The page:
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The authors declare that they have no competing interests.

Authors’ contributions

HHH participated in the study design and manuscript writing. CYW participated in the study design and manuscript writing. FSL participated in patient enrolment. YPW carried out the data collection. WZS carried out data analysis. CPL participated in the study design and manuscript writing. SZF audited study progress and helped to revise this manuscript. No conflicts of interest declared and no external fund obtained. All authors read and approved the final manuscript.

Hsing-Hao Huang, Chun-Yu Wu contributed equally to this work.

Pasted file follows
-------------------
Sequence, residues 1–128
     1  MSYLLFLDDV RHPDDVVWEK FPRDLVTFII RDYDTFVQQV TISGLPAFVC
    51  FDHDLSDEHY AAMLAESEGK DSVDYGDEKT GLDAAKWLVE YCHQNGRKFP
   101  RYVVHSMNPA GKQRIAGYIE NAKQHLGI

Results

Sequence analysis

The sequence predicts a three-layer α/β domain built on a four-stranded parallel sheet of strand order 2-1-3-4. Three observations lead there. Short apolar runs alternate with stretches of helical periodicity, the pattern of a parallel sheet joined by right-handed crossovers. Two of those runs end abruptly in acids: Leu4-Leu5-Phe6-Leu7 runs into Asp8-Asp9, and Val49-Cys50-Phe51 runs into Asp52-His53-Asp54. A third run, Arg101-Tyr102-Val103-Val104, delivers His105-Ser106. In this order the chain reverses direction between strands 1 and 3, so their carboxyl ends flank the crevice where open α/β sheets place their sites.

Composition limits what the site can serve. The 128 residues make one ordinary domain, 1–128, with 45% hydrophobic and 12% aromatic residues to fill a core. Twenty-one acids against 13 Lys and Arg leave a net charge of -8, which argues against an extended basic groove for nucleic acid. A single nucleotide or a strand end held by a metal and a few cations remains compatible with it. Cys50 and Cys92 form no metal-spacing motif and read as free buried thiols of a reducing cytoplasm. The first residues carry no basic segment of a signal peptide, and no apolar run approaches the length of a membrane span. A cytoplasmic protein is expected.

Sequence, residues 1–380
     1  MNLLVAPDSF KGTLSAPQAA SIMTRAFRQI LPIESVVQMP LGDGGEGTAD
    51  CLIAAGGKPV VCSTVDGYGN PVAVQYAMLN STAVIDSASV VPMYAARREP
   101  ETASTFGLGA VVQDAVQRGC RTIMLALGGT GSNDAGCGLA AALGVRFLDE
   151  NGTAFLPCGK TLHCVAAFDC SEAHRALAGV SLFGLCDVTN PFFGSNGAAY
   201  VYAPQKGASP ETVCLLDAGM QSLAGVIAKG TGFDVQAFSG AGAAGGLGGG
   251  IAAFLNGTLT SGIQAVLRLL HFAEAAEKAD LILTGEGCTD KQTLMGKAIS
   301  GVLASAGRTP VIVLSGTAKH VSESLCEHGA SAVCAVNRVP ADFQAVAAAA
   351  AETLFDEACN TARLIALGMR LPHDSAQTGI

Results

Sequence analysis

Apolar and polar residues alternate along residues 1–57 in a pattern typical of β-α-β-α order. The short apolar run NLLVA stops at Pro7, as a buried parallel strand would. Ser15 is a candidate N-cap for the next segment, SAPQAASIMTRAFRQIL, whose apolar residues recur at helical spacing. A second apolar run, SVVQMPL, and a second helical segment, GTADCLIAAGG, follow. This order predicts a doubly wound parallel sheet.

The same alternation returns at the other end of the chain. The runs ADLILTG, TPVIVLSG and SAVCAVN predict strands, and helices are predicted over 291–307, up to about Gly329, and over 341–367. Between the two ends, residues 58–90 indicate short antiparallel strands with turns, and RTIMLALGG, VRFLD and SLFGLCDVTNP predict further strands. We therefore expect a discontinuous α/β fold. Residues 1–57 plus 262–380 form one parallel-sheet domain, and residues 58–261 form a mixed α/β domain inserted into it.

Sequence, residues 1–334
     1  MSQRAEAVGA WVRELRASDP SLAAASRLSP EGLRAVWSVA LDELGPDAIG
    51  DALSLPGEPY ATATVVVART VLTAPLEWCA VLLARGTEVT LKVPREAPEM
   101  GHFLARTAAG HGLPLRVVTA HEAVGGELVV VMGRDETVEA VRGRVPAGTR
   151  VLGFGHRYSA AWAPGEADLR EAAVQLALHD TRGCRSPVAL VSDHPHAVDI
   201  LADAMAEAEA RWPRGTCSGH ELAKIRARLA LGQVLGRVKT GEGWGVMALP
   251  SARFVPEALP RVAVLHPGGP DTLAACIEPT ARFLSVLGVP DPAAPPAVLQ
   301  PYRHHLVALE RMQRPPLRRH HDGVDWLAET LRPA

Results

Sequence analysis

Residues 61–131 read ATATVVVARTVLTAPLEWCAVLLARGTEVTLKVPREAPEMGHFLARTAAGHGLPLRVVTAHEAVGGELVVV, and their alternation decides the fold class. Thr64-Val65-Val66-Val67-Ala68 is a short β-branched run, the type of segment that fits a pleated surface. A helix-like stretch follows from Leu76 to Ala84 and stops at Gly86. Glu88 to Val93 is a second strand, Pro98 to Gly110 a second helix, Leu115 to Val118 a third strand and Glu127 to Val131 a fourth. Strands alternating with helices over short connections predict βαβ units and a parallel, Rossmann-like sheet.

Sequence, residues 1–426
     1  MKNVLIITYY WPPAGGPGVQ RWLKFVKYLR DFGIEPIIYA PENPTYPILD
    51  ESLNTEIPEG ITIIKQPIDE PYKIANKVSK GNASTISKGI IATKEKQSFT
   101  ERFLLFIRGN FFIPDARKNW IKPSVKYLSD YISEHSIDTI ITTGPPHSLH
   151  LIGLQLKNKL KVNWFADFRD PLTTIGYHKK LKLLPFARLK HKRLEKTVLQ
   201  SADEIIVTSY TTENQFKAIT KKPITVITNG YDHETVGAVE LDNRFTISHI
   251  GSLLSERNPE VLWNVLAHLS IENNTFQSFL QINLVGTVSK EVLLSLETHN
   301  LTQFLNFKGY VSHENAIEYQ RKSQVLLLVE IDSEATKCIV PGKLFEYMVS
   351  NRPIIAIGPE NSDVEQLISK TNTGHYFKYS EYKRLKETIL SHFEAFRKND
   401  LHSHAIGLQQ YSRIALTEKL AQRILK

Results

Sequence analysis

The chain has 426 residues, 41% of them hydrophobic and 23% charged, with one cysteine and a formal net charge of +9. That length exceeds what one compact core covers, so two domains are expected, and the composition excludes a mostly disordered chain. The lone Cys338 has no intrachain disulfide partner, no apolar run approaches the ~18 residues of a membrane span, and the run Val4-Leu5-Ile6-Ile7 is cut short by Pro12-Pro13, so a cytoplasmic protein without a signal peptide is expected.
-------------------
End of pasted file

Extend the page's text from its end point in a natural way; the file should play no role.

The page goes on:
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Huang, HH., Wu, CY., Lin, FS. et al. The Alaris auditory evoked potential monitor as an indicator of seizure inducibility and duration during electroconvulsive therapy: an observational study. BMC Anesthesiol 14, 34 (2014).

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  • Auditory evoked potential
  • Electroconvulsive therapy
  • Seizure inducibility